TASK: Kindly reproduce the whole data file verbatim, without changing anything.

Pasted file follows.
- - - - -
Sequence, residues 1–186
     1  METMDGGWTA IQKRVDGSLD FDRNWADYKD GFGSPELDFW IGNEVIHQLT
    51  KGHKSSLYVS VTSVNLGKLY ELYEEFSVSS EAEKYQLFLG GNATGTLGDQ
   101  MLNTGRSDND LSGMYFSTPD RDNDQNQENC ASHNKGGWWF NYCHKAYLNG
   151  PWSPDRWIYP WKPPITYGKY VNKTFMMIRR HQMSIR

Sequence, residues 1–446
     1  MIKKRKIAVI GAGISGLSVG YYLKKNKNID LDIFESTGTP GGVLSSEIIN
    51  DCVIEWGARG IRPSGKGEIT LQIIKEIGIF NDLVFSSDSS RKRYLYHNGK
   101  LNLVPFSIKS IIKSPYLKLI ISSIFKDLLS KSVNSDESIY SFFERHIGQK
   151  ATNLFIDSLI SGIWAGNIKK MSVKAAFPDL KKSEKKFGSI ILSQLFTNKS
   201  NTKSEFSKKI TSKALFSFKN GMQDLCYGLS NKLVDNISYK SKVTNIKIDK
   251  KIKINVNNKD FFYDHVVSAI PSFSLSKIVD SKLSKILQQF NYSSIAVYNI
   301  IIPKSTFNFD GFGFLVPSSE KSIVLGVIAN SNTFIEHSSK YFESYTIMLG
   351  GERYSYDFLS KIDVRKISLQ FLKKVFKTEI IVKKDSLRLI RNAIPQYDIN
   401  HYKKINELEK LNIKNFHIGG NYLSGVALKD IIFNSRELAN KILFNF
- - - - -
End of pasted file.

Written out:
Sequence, residues 1–186
     1  METMDGGWTA IQKRVDGSLD FDRNWADYKD GFGSPELDFW IGNEVIHQLT
    51  KGHKSSLYVS VTSVNLGKLY ELYEEFSVSS EAEKYQLFLG GNATGTLGDQ
   101  MLNTGRSDND LSGMYFSTPD RDNDQNQENC ASHNKGGWWF NYCHKAYLNG
   151  PWSPDRWIYP WKPPITYGKY VNKTFMMIRR HQMSIR

Sequence, residues 1–446
     1  MIKKRKIAVI GAGISGLSVG YYLKKNKNID LDIFESTGTP GGVLSSEIIN
    51  DCVIEWGARG IRPSGKGEIT LQIIKEIGIF NDLVFSSDSS RKRYLYHNGK
   101  LNLVPFSIKS IIKSPYLKLI ISSIFKDLLS KSVNSDESIY SFFERHIGQK
   151  ATNLFIDSLI SGIWAGNIKK MSVKAAFPDL KKSEKKFGSI ILSQLFTNKS
   201  NTKSEFSKKI TSKALFSFKN GMQDLCYGLS NKLVDNISYK SKVTNIKIDK
   251  KIKINVNNKD FFYDHVVSAI PSFSLSKIVD SKLSKILQQF NYSSIAVYNI
   301  IIPKSTFNFD GFGFLVPSSE KSIVLGVIAN SNTFIEHSSK YFESYTIMLG
   351  GERYSYDFLS KIDVRKISLQ FLKKVFKTEI IVKKDSLRLI RNAIPQYDIN
   401  HYKKINELEK LNIKNFHIGG NYLSGVALKD IIFNSRELAN KILFNF